). Issues to be discussed may include access to materials, signers or note-takers,
the provision of services and additional assessment arrangements. Early
notification is essential to enable any necessary adjustments to be made.
Please note the assessment criteria might change, due to the ongoing development
of the course.
Assessment Task 1: Stereoscopic photographic series
Assessment criteria: see assignment brief
Assessment Task 2 Team project, stereoscopic short film
Assessment criteria: see assignment brief
Attendance and Exercises 20%
EXPECTATIONS OF STUDENTS IN THIS COURSE
An integral part of this course is engagement in class activities. Consequently
you may fail the course if you do not attend regularly even if you complete
all assignments. You must actively participate in classes and complete all
set work to a satisfactory standard as discussed in class. Full and punctual
attendance is required for this subject. It is UNSW policy that a student
attending less than 80 percent of timetabled classes may be refused assessment.
Where, because of illness or misadventure, you cannot hand in an assignment
on time, or your work has suffered to a substantial degree, you can apply
for Special Consideration. Please note that you must apply no later than 3
days from when the assessment is due. For information on Special Consideration
ACADEMIC HONESTY AND PLAGIARISM
Plagiarism is taking the ideas, words or images of others and passing them
off as your own. Plagiarism is a type of intellectual theft. Plagiarism can
take many forms, from deliberate cheating to accidentally copying from a source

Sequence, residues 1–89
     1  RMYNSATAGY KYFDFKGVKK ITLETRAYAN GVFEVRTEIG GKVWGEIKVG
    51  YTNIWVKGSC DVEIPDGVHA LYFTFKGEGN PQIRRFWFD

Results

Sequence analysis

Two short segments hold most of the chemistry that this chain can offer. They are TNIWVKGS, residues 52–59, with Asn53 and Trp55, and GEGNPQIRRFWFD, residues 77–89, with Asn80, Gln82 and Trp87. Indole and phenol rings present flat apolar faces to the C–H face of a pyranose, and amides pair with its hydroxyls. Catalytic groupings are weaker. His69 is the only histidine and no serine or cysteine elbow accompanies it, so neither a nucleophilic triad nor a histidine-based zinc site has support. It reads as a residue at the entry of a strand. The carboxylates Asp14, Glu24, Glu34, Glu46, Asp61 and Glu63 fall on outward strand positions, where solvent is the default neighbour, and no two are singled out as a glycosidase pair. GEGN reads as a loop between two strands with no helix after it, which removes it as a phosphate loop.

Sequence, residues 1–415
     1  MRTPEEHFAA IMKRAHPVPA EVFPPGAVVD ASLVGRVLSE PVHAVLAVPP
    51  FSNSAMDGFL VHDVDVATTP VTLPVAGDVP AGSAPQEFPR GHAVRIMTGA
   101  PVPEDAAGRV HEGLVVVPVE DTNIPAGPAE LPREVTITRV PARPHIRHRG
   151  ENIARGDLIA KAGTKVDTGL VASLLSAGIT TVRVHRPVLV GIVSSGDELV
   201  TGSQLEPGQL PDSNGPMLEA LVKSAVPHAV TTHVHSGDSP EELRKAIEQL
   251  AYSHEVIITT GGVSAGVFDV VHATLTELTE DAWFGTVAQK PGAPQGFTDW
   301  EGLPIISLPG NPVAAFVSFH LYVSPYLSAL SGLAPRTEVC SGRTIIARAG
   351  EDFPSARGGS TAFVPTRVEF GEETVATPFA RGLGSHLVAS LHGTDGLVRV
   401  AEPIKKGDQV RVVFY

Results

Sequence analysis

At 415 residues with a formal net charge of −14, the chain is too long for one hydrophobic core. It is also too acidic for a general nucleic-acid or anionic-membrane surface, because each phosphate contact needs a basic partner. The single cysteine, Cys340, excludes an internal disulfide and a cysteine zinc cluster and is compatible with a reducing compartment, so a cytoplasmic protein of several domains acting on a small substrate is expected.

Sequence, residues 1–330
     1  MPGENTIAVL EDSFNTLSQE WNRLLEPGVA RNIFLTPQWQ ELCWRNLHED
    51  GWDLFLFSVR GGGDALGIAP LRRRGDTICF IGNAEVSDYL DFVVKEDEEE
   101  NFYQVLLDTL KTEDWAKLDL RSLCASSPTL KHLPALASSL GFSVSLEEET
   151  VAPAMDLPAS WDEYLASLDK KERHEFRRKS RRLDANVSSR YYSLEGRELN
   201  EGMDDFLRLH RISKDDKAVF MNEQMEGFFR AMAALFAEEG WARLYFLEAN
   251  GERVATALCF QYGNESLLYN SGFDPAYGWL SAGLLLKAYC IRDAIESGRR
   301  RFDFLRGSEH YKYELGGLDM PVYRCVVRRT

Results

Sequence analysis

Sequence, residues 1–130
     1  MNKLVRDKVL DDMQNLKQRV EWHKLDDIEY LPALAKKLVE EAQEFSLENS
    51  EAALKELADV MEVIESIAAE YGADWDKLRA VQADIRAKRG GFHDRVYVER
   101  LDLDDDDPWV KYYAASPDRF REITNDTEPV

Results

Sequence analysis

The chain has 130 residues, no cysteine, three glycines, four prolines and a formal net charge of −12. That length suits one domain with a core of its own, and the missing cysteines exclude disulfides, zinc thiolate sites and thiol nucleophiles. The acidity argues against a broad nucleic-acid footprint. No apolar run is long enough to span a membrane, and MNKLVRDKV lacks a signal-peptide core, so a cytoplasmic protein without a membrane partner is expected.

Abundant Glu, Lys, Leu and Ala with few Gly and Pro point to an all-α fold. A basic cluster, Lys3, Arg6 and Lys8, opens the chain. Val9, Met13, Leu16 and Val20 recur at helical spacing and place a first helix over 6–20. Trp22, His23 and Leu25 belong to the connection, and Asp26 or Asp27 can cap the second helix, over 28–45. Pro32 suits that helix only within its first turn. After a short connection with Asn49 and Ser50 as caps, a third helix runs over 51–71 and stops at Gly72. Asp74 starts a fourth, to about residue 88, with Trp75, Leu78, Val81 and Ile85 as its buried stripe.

without acknowledgement. Plagiarism can have serious consequences, so it is
important that students be aware of what it is, and how to avoid it. Please
see the Plagiarism & Academic Integrity Website http://www.lc.unsw.edu.au/plagiarism/index.html
for further information. The Learning Centre can provide support and workshops.
Please see http://www.lc.unsw.edu.au/
Please note the details in this course schedule might change, due to the
ongoing development of the course.
- Welcome and overview. Definition of basic terms, principles of binocular
vision and history of steroscopy.
- 2D and 3D depth cues. Binocular parallax. Interocular distance, hyper/hypostereo.
Accomodation/ convergence, comfort/limits. Side-by-side vs. superimposed
formats. Introduction to single-camera stereoscopic photography.
- Limits, anomolies & defects (vertical parallax, ghosting). Persistence
of vision, frame rates. Implied motion & change blindness, stereo
blindness, viewer vs scene vs object motion, size constancy.
- Optics, lenses, filters, polarizers. Single & dual camera systems. Baseplates & beam
splitters. Camera and image registration. Parallel vs. toed-in photography.
Polarized and anaglyph projection, Front and rear projection. Mathematics & calculations.
- Excursion iCinema Scientia Visualisation Lab
- Displays and eyewear. Time-multiplexed displays (StereoGraphics, RealD,
Dolby/Infitec. Planning a project. 2D and 3D software packages. Repurposing
2D software for 3D. 3D software tools for production